only 26 years is often described by analysts as one of the greatest economic success
stories in modern times. From 1979 (when economic reforms were first introduced)
to 2005, China’s real gross domestic product (GDP) grew at an average annual rate
of 9.7%. The Chinese economy in real terms was 11 times larger in 2005 than it was
in 1979, and real per capita GDP was 8 times larger. By some measurements, China
is now the world’s second largest economy and some analysts predict China will
become the largest within a decade.
China’s economic rise has led to a substantial increase in U.S.-China economic
relations. Total trade between the two countries has surged from $4.9 billion in 1980
to $289 billion in 2005. For the United States, China is now its 3rd largest trading
partner (2005), its 4th largest export market and its 2nd largest source of imports.
Many U.S. companies have extensive manufacturing operations in China in order to
sell their products in the booming Chinese market and to take advantage of low cost
labor for manufacturing products for exports. These operations have helped U.S.
firms remain internationally competitive and have supplied U.S. consumers with a
variety of low cost goods. China’s large-scale purchases of U.S. Treasury securities
have enabled the Federal government to fund its budget deficits and keep U.S.
interest rates relatively low.
However, the emergence of China as a major economic superpower has raised
concern among many U.S. policymakers. Some express concern over the large and
growing U.S. trade deficits with China, which have risen from $10.4 billion in 1990
to $ 202 billion in 2005, and are viewed by many Members as an indicator that U.S.
commercial relations are imbalanced or unfair. Others claim that China uses unfair
trade practices (such as an undervalued currency and subsidies to domestic
producers) to flood U.S. markets with low cost goods, and that such practices
threaten American jobs, wages, and living standards. A more recent concern has
been efforts by Chinese state-owned firms to acquire U.S. companies and China’s
accumulation of U.S. Treasury securities. Congressional concerns over perceived
negative China’s economic practices have led to the introduction of numerous bills,
including some that would impose sanctions against China unless it reformed its
currency policy and others that would apply U.S. countervailing laws on Chinese
products deemed to have been subsidized by the government.
This report provides background on China’s economic rise and current
economic structure (such as GDP, trade and foreign investment), and describes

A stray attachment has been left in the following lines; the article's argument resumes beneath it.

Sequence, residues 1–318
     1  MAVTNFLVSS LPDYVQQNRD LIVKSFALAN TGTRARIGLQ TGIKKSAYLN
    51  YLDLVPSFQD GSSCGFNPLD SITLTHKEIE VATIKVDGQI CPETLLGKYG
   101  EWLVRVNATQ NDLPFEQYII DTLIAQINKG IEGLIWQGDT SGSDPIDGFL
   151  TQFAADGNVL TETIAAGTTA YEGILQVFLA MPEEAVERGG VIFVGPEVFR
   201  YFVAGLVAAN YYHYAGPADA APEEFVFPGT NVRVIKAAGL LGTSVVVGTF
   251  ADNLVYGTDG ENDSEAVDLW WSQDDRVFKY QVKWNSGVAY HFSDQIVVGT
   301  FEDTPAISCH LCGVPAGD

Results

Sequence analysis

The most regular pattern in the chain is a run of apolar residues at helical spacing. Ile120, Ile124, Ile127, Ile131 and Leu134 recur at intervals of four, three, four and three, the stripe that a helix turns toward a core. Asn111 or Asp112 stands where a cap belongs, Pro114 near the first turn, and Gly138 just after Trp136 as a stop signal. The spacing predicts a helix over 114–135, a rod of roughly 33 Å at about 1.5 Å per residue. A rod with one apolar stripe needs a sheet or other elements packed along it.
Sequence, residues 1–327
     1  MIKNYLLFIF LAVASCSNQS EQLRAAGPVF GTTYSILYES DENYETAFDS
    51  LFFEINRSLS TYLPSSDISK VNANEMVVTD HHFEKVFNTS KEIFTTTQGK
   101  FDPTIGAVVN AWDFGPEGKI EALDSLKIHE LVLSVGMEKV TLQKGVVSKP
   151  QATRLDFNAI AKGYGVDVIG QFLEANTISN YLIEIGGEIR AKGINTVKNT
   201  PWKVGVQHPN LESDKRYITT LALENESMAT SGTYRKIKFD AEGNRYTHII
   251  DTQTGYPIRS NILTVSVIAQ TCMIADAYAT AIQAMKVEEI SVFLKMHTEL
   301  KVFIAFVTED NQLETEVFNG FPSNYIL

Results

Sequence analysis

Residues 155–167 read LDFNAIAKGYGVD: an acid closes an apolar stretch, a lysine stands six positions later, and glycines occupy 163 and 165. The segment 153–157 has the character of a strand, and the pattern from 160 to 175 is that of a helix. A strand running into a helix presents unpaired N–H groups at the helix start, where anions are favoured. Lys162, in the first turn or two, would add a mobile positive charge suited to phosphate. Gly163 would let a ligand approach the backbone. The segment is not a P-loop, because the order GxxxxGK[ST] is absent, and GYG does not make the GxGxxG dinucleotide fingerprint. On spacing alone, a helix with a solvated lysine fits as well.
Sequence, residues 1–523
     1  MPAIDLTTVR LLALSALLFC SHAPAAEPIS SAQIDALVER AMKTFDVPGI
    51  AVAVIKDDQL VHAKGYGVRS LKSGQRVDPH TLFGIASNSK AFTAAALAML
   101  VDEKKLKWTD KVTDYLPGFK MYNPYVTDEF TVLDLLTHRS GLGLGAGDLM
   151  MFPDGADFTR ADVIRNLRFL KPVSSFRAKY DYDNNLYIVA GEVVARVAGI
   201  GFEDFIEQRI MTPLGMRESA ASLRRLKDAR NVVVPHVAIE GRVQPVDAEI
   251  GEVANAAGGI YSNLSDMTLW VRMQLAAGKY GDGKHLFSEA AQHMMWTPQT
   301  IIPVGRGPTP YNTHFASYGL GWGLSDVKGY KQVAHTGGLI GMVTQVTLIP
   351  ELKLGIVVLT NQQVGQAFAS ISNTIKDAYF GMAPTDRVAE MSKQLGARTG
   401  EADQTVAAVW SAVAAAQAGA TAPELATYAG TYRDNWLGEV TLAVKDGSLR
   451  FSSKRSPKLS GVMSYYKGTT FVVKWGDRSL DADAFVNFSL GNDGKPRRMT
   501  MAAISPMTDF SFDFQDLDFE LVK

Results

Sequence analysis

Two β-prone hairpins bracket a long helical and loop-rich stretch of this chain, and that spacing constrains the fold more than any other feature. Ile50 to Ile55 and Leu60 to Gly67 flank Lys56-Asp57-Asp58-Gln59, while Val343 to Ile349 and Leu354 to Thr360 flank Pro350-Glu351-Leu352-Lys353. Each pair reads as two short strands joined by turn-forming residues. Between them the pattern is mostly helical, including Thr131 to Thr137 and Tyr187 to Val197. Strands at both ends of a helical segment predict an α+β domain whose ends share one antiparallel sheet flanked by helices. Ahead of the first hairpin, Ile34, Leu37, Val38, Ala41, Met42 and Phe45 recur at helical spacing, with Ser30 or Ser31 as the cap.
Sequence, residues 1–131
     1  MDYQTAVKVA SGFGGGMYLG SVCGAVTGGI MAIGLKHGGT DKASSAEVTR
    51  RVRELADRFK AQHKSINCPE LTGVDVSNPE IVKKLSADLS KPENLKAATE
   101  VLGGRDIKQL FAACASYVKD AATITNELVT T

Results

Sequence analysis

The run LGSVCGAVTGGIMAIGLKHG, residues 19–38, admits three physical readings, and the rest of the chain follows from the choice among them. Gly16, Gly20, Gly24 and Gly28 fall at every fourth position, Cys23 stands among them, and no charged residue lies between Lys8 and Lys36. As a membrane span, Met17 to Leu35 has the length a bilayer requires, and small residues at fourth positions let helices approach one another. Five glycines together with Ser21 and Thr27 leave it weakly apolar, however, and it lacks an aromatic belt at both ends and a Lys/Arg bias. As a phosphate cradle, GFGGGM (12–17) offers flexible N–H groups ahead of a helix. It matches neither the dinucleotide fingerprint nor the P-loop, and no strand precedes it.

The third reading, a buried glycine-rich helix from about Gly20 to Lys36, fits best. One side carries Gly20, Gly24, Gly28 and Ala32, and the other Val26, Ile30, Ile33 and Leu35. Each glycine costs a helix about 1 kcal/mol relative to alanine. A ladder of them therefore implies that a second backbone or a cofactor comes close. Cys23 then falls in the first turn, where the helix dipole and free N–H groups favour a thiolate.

Chinese economic policies that are of concern U.S. policymakers.
An Overview of China’s Economic Development
China’s Economy Prior to Reforms
Prior to 1979, China maintained a centrally planned, or command, economy.
A large share of the country’s economic output was directed and controlled by the
state, which set production goals, controlled prices, and allocated resources
throughout most of the economy. During the 1950s, all of China’s individual
household farms were collectivized into large communes. To support rapid
industrialization, the central government undertook large-scale investments in
physical and human capital during the 1960s and 1970s. As a result, by 1978 nearly
three-fourths of industrial production was produced by centrally controlled stateowned enterprises according to centrally planned output targets. Private enterprises
and foreign-invested firms were nearly nonexistent. A central goal of the Chinese
government was to make China’s economy relatively self-sufficient. Foreign trade
was generally limited to obtaining only those goods that could not be made or
obtained in China.
Government policies kept the Chinese economy relatively stagnant and
inefficient, mainly because there were few profit incentives for firms and farmers;
competition was virtually nonexistent, and price and production controls caused
widespread distortions in the economy. Chinese living standards were substantially
lower than those of many other developing countries. The Chinese government
hoped that gradual reform would significantly increase economic growth and raise
The Introduction of Economic Reforms
Beginning in 1979, China launched several economic reforms. The central
government initiated price and ownership incentives for farmers, which enabled them
to sell a portion of their crops on the free market. In addition, the government